Energy storage has moved out of an early, marketing and awareness phase, and real business is being done throughout Europe, Energy-Storage.news heard yesterday at the annual ees Europe show Munich, Germany.
Walking around Energy Storage Europe this year it was obvious that the show, like the market, has grown from a small handful of “strong believers” as one source put it, to a forward-looking show focused on a ‘business-as-usual’ scenario.
With carbon reduction goals a long way off from being met in Europe’s transport sector, energy storage can play a key role in coupling transportation and energy technologies, the European Association for Storage of Energy (EASE) has said.
After another record-breaking year, in which the US surpassed 1GWh of deployed energy storage and China began its programme of building flow batteries several hundred megawatts in size each, we canvassed opinion on what 2018’s biggest challenges and successes were. In this first part, we look at the challenges faced by the industry in 2018.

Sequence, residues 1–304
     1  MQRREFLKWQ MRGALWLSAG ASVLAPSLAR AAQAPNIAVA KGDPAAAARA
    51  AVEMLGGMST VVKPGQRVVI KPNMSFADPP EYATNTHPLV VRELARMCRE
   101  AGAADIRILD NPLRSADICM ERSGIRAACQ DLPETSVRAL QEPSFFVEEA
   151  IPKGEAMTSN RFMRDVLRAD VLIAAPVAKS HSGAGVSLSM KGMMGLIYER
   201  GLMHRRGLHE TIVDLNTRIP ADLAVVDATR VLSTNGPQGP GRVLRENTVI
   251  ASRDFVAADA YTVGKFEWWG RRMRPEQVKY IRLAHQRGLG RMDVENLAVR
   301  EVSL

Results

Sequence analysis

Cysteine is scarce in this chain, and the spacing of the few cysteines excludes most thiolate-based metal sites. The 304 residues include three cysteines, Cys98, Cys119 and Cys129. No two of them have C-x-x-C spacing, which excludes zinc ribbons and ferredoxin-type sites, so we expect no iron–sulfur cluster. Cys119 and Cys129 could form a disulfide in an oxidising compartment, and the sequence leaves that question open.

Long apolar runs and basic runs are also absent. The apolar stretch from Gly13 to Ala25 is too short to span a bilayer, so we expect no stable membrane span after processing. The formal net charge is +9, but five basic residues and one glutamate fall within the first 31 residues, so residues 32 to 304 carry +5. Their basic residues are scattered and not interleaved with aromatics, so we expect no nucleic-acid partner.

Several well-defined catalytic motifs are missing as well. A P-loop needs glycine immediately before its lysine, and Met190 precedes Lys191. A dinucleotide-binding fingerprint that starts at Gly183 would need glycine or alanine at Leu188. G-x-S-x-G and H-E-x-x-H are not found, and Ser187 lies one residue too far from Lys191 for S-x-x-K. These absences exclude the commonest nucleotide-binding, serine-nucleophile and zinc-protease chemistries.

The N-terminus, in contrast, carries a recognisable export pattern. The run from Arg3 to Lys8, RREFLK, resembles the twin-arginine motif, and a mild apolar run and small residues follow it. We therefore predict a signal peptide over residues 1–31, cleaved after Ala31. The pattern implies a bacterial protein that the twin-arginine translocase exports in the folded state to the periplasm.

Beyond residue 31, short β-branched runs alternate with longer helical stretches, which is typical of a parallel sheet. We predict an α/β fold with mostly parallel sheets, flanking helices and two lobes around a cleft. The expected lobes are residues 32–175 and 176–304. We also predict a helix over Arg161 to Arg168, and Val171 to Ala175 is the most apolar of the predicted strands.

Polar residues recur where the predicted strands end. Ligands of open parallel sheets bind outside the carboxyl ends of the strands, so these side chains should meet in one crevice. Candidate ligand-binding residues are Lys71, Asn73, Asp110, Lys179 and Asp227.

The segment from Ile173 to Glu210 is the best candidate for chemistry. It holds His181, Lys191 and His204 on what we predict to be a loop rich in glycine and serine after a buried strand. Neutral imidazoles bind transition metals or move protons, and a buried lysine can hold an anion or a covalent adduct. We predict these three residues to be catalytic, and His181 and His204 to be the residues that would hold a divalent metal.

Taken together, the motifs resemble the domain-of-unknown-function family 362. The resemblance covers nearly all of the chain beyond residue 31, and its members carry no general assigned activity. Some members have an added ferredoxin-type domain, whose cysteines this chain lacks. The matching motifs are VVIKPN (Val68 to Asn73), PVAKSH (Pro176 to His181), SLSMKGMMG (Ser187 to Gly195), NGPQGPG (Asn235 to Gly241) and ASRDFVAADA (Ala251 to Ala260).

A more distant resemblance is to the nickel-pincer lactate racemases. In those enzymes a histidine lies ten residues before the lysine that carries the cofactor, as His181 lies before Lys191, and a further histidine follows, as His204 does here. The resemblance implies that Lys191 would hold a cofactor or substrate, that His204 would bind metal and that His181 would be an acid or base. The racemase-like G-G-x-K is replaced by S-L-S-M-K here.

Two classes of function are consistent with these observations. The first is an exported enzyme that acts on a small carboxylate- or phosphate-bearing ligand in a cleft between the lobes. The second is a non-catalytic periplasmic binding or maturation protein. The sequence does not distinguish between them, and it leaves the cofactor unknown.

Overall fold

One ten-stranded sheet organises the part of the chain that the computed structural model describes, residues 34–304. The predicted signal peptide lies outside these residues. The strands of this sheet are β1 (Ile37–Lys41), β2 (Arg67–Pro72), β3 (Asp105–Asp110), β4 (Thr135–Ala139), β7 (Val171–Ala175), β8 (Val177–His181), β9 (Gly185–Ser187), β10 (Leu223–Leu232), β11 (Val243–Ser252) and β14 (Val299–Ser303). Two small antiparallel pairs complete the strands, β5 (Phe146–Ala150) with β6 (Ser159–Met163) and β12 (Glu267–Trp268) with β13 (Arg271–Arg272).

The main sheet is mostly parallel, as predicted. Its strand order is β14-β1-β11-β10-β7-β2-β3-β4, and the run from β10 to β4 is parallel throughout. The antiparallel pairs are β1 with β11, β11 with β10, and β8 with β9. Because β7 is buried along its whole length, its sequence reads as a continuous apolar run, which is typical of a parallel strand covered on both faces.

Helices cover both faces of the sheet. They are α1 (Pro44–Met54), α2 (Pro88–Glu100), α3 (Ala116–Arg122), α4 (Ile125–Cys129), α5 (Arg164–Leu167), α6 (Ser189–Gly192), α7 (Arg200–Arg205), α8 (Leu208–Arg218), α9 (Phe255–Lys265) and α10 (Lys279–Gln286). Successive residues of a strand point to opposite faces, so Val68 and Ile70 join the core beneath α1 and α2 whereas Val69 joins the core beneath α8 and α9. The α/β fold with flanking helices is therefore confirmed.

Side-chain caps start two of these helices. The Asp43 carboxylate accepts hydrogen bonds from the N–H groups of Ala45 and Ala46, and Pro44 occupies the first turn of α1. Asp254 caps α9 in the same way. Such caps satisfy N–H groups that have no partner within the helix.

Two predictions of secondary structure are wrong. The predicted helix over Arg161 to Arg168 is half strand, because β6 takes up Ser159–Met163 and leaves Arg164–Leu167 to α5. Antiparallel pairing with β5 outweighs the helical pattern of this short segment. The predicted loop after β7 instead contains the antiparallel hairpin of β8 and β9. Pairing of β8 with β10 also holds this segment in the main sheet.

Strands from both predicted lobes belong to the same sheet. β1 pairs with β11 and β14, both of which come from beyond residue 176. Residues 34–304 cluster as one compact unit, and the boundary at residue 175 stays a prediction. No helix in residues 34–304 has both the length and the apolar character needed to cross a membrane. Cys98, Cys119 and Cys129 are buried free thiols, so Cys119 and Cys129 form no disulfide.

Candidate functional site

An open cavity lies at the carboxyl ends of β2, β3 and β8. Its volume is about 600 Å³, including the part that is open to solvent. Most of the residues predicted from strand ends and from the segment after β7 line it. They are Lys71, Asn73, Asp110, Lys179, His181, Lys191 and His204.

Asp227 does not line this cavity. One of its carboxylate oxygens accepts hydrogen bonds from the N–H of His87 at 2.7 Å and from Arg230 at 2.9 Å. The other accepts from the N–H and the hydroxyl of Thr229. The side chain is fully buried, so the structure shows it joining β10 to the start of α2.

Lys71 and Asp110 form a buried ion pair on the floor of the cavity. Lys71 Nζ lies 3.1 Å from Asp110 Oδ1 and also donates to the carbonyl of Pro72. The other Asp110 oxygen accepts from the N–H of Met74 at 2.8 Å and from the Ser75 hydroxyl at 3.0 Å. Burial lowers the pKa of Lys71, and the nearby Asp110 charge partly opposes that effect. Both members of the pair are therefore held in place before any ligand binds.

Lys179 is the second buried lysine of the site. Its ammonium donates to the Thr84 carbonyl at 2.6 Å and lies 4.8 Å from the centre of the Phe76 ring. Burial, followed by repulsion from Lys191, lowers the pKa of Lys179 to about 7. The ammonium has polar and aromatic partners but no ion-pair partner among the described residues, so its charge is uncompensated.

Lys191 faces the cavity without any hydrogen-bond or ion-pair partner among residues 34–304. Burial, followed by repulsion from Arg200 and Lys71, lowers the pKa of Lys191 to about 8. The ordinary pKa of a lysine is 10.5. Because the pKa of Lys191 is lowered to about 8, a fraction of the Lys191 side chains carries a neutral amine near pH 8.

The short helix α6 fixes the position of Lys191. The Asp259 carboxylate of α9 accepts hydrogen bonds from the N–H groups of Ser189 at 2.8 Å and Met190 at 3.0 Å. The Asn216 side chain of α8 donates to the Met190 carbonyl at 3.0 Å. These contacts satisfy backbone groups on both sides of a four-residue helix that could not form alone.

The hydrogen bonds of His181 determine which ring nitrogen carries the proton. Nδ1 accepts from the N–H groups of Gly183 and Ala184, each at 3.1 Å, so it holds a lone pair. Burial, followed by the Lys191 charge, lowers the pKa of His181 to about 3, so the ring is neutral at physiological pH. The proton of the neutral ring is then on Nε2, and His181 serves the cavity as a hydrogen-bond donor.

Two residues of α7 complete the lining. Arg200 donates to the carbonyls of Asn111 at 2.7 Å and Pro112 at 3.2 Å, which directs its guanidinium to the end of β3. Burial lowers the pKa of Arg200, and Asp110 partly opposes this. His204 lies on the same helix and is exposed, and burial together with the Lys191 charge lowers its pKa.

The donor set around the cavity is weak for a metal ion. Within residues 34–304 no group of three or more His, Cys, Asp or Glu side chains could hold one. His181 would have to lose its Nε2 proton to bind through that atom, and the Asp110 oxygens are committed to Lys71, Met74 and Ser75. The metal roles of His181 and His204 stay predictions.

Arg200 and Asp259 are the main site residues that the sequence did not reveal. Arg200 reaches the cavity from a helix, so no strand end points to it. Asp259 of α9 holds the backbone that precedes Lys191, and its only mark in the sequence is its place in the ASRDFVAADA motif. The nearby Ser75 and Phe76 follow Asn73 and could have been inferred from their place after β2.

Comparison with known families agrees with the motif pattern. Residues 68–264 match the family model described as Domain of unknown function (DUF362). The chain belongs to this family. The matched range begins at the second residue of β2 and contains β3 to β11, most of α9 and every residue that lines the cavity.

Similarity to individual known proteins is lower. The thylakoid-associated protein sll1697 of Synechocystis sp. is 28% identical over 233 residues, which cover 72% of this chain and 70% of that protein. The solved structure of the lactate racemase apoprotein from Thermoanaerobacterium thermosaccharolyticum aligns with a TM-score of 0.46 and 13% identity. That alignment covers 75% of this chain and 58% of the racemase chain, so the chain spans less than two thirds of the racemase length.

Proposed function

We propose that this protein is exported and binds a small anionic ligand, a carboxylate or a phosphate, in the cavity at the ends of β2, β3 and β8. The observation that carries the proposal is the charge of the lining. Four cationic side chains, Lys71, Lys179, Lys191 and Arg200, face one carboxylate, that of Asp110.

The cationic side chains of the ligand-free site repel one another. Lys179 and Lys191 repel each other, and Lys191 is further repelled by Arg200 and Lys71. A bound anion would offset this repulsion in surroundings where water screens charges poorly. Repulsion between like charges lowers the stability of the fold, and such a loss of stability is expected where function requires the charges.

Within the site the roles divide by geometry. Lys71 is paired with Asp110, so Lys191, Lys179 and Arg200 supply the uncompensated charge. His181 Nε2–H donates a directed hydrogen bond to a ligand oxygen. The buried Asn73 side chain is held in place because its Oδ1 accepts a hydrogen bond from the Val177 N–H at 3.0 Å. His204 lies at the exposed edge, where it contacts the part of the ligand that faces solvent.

Even among high level stakeholders, there are real gaps in education, knowledge and understanding of what energy storage is, and what it can do. We were privileged at last week’s Intersolar Europe/ees Europe shows in Munich, Germany, to be joined by four leading thinkers – and doers – in the energy storage industry, who helped us tackle this difficult question.
A new consortium, V2GB (Vehicle to Grid Britain), will develop driver-centred business models to support the rapid roll out of vehicle-to-grid (V2G) technologies, enabling millions of electric car batteries to become a vital part of the UK energy system. National Grid, carmaker Nissan’s European Technical Centre, Moixa and energy consultancy Element Energy have come together to help work out how to reward drivers who use electric vehicle (EV) batteries to support the power network. Chris Wright, the Chief Technology Officer of UK home battery company Moixa, talks us through the mission behind V2GB and the potential impact of the study.
There is a perception that “batteries cannot be long life assets”, but it depends very much on how they are designed and used, Dr Marek Kubik of Fluence has said, in a video interview with Energy-Storage.News.
Speakers at Energy Storage Europe were confident, despite a few reservations, that Germany’s new government which grants Chancellor Angela Merkel a fourth term in office will be good for the environment and for renewable energy.
A project in Jamaica, pairing utility-scale solar with battery energy storage at a microgrid could become “a model for other countries in the Caribbean and beyond”, the head of the country’s main utility has said.